This year Goodwill Industries of the Inland Northwest is celebrating 75 exciting years of serving our community. It’s exciting to look back at all that has been accomplished and how we have impacted our communities, because of their support, in those 75 years.
Goodwill first came to our region in 1939. It was a season of challenges and uncertainty, nationally and internationally. Germany and the Soviet Union were on the offensive in Europe, launching World War II. On the home front, many Americans were struggling through the tail end of the Great Depression. Average wages per year were $1730, if you were lucky enough to have a job. A gallon of gas cost 10 cents. A loaf of bread cost 8 cents, and a pound of hamburger cost 14 cents. The unemployment rate was 17%. People in even the best of circumstances, with no barriers to employment, were struggling.
It was this struggle that prompted a conversation about Goodwill between Dr. Ernest Harold and Reverend Charles Estabrook, on the steps of the Rockford Methodist Church in 1938. Reverend Estabrook later wrote, “Some weeks later I was informed that I had been appointed Superintendent of Goodwill Industries of Spokane, but as yet no such institution existed, except on paper. I wondered how I could be superintendent of an organization that did not exist, but my job was to start a Goodwill with no money, no merchandise, and no workers.”
The Estabrooks took the charge to start a Goodwill to heart. Rev. Estabrook, his wife and daughters traveled through the neighborhoods of Spokane and to the homes of their church members, collecting discarded clothing and furnishings. The family “cleaned, mended and pressed until we had quite a nice stock ready to sell.”
The Estabrooks found a building to house the first Goodwill store – a small shack located at 130 E. Third Avenue (site of the Administrative Offices of Goodwill Industries of the Inland Northwest today). The doors opened on December 5, 1939 – with $43 in debt, 2 helpers, and Rev. Estabrook as the Superintendent. All of them worked for 6 months with no pay.
By 1945, the mission of Goodwill caught hold in the community. $50,000 was raised to build a two story building, measuring 80 feet by 100 feet, on Third Avenue in Spokane to house a production area, offices, and store. By 1950, Goodwill of Spokane was financially stable enough to offer paid vacations and holidays off with pay to employees.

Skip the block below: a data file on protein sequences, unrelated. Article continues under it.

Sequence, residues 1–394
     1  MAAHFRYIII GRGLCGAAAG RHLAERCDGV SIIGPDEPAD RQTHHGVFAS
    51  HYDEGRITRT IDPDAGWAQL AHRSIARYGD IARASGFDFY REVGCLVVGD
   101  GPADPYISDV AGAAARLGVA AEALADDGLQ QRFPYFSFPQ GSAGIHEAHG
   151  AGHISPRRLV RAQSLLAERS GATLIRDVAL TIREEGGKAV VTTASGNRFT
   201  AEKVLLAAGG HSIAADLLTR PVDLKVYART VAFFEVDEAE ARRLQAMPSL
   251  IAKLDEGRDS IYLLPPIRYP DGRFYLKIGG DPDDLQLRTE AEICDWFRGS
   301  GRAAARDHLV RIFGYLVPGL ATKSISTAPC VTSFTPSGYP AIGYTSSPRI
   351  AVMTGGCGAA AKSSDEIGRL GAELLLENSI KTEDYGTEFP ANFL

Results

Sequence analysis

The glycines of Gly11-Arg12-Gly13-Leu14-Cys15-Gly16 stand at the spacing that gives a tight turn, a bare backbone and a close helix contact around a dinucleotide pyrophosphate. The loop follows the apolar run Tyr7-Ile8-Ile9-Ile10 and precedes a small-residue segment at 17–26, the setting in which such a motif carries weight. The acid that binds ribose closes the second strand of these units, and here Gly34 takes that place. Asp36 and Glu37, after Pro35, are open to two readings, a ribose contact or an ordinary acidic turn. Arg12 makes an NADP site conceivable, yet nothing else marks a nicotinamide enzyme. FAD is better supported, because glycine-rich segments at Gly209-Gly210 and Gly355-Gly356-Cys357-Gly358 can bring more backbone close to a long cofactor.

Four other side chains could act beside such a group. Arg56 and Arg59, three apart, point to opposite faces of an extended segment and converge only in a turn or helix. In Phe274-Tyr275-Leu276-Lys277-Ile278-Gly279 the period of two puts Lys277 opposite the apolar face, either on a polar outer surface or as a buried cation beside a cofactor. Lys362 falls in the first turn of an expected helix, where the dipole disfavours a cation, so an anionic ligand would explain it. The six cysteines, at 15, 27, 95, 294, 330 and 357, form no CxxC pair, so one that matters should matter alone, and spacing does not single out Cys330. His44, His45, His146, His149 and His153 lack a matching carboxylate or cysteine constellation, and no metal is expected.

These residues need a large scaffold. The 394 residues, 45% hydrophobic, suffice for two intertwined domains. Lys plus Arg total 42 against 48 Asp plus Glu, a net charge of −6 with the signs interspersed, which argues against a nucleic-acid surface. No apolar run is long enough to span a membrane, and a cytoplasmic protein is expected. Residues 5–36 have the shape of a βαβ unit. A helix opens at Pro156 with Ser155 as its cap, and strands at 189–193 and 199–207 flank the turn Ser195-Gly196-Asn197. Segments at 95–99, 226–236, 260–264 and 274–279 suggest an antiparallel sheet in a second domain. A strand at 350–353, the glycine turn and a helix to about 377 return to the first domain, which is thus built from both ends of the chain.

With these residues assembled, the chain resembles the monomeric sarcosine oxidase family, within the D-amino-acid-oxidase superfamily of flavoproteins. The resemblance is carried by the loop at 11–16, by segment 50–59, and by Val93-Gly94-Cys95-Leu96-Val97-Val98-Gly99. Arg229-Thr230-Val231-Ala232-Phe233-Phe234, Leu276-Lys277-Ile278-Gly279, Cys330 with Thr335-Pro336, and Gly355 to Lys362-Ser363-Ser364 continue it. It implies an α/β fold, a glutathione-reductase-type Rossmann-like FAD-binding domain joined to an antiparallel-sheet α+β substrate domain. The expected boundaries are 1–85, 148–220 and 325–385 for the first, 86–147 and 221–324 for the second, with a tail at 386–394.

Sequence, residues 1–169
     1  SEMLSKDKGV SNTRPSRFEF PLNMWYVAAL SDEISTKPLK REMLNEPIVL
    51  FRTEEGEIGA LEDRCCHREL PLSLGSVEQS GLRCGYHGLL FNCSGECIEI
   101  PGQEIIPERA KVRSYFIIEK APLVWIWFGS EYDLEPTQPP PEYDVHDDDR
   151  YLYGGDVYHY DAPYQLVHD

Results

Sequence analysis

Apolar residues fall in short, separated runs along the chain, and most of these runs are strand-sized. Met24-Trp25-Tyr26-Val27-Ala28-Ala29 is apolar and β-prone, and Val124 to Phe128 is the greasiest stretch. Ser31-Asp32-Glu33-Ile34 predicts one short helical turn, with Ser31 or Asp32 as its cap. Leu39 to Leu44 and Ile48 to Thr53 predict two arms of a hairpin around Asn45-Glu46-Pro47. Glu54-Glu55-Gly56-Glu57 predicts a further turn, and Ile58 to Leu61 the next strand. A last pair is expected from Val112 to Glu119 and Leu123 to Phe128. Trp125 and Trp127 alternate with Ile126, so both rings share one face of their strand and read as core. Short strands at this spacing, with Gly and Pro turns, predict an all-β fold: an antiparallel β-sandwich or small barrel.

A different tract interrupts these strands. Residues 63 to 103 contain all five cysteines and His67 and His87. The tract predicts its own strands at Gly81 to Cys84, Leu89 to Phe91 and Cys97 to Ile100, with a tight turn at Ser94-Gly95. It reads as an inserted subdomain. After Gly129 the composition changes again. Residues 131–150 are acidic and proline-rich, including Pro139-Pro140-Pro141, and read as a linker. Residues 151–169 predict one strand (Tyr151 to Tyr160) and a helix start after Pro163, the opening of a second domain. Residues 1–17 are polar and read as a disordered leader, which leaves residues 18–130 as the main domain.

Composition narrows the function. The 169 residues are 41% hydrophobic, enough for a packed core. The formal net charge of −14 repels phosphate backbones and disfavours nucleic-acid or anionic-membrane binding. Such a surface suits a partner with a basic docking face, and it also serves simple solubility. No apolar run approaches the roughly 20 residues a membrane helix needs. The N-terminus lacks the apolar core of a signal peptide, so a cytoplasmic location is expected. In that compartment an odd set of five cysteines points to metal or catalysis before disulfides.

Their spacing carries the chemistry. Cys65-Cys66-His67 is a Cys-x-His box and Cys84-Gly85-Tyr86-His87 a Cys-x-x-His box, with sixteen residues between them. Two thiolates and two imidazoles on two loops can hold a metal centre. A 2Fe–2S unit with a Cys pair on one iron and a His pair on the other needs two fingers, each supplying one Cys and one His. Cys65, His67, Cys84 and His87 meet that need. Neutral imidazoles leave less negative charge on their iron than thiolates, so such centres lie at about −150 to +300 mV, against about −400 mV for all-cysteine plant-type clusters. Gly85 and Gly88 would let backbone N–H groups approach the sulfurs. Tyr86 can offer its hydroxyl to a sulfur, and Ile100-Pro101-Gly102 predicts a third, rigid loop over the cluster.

By 1952, Goodwill of Spokane was posting sales of $45,000 a year. At this time, and for many more years, Goodwill operated as a ”sheltered workshop,” employing 20- 30 people with disabilities. These men and women repaired the donations that came in, learning a marketable trade. Goodwill had a variety of workshops, including a cabinetry business, a laundry facility, a shoe repair workshop, and a sewing department. Mended and cleaned donations were sold in the one Goodwill store.
In the 1960s, society began to change and realize that an integrated workplace is healthy and productive for all involved. Today, Goodwill focuses on training individuals, helping them overcome barriers to employment, establish stability, and get jobs in the community, rather than creating a “sheltered” work environment for people with disabilities.
Seventy-five years after opening our doors in a small shack to help people in Spokane, Goodwill has expanded to become Goodwill Industries of the Inland Northwest, serving 23 counties in Central/ Eastern Washington and Northern Idaho. We operate a whole fleet of small trucks and semi-trucks to manage our 20 million pounds of donations. We have 12, soon to be 13, stores throughout the region. We operate online sales. We employ more than 500 people throughout our region, and impact more than 6000 people every year through our service programs.
Oh, how we’ve grown! And you, our community, have made that possible. By donating and shopping at Goodwill, you have made it possible for Goodwill to train men and women and get them employed in the community. You have made it possible for homeless veterans to find the pride and freedom of a home. You have made it possible for youth to overcome the obstacles that keep them from dreaming and planning for a career. You have made it possible for men and women to transform, and say “I CAN” through services at Goodwill.
What can we do together in the next 75 years?